The Importance of Data Collection for Cultural Competency Efforts
As service providers, we are generally comfortable with reporting outcomes of our work: number of clients served, health outcomes achieved, etc. Outcomes related to cultural and linguistic competency, however, can be difficult to quantify and describe. This is due to the fact that CLC is a fluid process and strategy for critical thinking, unable to be measured by more traditional outputs.
Data collection is important for assessing and communicating an organization’s CLC efforts. Ultimately, CLC data collection serves three important purposes:
1. To inform external stakeholders.
External stakeholders include state, federal, and private funding agencies, as well as the general community you serve. The data you collect is used to assure them you are meeting their needs, and holds you accountable to their goals.
2. To assess internal activities.
Because cultural and linguistic competency is a process, it needs constant assessment and evaluation. If you have recently implemented a strategy to enhance your client interactions, for example, the data you collect will help determine if that strategy is effective in your environment.
3. To advise decision-making.
The data will help you decide what CLC strategies you need, such as trainings for specific populations, phone recordings in a specific language, or transportation services offered to a specific area. Whenever implementing CLC strategies or improvements for your clients and/or staff, you should look to the data to ensure those strategies are targeted to your specific needs or future trends.
What Data Should I Collect?
The Department of Health and Human Services has data collection guidelines, as well as other funders who may require you to collect specific points of data to be in compliance with federal or state mandates. However, if you are looking to create a more comprehensive picture of your CLC efforts, you may want to consider the following prompts:
Client demographics: who do we serve?
Could include: age, race/ethnicity, disability status, sexual orientation, religion, socioeconomic information, family size/makeup, etc.
Community demographics: who are our potential clients?
Could include: local demographics, anticipated changes, new trends, etc.
Service delivery: how do clients access and use our services?
Could include: application process, appointment attendance records, services offered vs. services used, client satisfaction scores, client outcomes, etc.
CLC activities: how has our organization implemented CLC strategies?
Could include: trainings provided, employee satisfaction surveys, client satisfaction surveys, responses to external trends, building modifications, etc.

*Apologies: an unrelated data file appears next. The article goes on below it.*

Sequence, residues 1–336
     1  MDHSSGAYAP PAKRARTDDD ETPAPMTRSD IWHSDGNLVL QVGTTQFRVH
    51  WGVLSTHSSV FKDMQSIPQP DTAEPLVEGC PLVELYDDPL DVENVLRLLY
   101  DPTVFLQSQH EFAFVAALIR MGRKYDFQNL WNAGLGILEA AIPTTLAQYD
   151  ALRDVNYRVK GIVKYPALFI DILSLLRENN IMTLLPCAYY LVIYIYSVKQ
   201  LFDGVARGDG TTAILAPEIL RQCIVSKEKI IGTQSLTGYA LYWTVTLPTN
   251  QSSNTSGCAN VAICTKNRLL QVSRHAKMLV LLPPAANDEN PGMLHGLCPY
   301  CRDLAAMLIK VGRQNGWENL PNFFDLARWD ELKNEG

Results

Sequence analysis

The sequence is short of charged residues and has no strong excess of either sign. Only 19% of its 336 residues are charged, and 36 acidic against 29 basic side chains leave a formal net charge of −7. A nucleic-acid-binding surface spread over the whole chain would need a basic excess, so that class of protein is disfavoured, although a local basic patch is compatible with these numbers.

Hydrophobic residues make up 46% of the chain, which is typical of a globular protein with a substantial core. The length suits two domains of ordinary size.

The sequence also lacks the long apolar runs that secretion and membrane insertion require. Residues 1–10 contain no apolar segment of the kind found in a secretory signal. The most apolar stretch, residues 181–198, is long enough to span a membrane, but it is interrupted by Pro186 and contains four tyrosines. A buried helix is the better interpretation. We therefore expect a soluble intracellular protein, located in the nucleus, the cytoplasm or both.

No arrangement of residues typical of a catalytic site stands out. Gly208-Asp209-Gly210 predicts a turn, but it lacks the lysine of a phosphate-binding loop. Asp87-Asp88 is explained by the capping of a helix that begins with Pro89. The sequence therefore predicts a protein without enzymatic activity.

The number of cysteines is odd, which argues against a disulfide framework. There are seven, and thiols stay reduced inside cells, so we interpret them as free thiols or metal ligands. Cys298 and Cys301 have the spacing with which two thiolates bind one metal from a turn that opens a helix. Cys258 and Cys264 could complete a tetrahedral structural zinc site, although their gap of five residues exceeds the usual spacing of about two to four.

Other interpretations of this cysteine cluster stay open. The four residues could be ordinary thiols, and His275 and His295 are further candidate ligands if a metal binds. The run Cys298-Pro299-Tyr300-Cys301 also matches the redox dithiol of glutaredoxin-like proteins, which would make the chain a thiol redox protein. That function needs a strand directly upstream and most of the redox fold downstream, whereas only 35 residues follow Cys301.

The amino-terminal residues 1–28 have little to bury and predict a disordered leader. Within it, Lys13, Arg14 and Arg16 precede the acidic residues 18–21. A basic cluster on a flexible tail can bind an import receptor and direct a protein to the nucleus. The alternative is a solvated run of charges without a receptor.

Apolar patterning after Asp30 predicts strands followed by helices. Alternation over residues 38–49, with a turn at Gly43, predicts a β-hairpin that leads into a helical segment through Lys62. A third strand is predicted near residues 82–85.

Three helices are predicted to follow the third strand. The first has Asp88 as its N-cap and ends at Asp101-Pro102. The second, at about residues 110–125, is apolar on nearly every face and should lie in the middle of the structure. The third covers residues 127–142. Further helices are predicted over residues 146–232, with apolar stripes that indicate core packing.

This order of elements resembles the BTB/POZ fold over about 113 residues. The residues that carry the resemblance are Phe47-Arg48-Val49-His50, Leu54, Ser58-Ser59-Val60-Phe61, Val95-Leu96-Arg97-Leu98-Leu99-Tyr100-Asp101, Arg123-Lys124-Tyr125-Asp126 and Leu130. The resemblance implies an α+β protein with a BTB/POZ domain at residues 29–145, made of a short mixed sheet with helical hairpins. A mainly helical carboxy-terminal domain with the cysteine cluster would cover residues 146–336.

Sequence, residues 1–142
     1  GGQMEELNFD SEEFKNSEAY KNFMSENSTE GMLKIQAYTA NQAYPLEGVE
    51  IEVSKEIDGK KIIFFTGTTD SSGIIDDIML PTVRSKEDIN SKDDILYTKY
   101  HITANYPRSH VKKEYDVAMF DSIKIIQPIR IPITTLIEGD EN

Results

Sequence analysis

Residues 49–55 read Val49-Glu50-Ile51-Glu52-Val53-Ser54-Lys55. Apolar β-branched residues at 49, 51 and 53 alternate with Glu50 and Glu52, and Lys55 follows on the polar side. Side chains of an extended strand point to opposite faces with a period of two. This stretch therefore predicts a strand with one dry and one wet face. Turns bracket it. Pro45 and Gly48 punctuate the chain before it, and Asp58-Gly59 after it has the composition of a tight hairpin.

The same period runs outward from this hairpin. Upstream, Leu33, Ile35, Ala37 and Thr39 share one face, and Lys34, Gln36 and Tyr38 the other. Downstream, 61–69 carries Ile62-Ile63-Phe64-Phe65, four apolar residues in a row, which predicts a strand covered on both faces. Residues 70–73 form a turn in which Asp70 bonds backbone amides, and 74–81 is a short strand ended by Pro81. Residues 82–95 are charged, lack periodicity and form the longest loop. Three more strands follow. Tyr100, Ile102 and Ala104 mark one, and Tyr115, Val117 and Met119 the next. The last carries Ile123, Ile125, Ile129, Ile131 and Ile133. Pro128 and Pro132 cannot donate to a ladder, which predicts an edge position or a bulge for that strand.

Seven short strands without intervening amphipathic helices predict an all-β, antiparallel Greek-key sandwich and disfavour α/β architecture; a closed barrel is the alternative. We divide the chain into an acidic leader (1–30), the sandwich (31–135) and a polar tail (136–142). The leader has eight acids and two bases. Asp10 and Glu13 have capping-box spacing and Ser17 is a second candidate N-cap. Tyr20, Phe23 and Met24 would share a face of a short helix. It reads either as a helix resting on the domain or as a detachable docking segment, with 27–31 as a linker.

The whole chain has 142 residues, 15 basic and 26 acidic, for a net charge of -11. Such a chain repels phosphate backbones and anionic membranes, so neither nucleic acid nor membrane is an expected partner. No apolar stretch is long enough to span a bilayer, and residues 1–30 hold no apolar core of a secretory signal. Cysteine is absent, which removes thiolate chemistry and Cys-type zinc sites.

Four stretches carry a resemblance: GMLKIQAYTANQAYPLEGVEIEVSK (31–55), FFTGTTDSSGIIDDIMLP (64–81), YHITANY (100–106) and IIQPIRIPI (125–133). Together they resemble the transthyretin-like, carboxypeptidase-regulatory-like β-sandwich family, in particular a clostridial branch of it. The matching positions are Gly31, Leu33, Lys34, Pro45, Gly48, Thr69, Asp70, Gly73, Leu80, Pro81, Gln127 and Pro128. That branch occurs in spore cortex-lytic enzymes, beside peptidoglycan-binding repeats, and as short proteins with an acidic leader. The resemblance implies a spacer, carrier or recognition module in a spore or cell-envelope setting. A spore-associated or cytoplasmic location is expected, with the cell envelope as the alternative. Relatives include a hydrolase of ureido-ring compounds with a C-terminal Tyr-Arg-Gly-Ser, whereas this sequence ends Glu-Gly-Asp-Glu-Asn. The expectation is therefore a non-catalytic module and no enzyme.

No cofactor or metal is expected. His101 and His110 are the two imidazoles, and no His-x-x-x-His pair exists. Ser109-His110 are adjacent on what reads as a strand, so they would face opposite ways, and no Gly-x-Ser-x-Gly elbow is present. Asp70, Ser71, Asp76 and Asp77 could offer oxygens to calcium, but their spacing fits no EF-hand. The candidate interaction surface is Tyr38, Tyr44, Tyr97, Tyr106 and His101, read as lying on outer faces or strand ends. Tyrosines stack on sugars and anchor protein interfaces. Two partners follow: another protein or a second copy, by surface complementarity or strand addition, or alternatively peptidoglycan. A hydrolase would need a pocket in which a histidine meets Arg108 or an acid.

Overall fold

These are just some of the different points to get your organization thinking about what data points may be helpful for your environment to start collecting in a systematic and continuous process. Keep in mind, when collecting sensitive information from a client always ask if it is truly needed. Though we want as much comprehensive data as possible, requesting information about a client’s sexual orientation or religion may create unnecessary discomfort. In most cases, demographic information should always be labeled as “optional” to reduce anxiety of the client and allow for maximum level of comfort during service delivery.
Communicating the Data
Once you have collected the data, communicating what it has told you is key for informing and engaging all levels of stakeholders: the community, partners, funders, as well as internal board and staff. Not only does it relay your progress towards the goals set out by these stakeholders, it also articulates the value of your program and the CLC enhancements you have worked so hard to implement. Identifying the impacts of your efforts, defining the value they have created, and creating a targeted message for specific stakeholder groups will help promote your CLC initiatives and ensure sustained support.
When determining how to communicate the impact of your program or CLC enhancements, ask yourself the following questions:
What am I trying to accomplish with this message?
Who needs to hear this message?
What is the most important point I need them to hear?
Why should they care about the message I’m communicating?
How can I best get this message to them?
A key part of this communication strategy is how the message gets disseminated. There are several strategies for reaching internal and external stakeholders:
- Newsletters (electronic or printed), flyers, brochures
- Radio or TV announcements
- Posters or signs in office
- Announcements on website
- Client enrollment packets
- Case studies or best practice highlights included in reports
- Live updates about successes or progress during meetings and events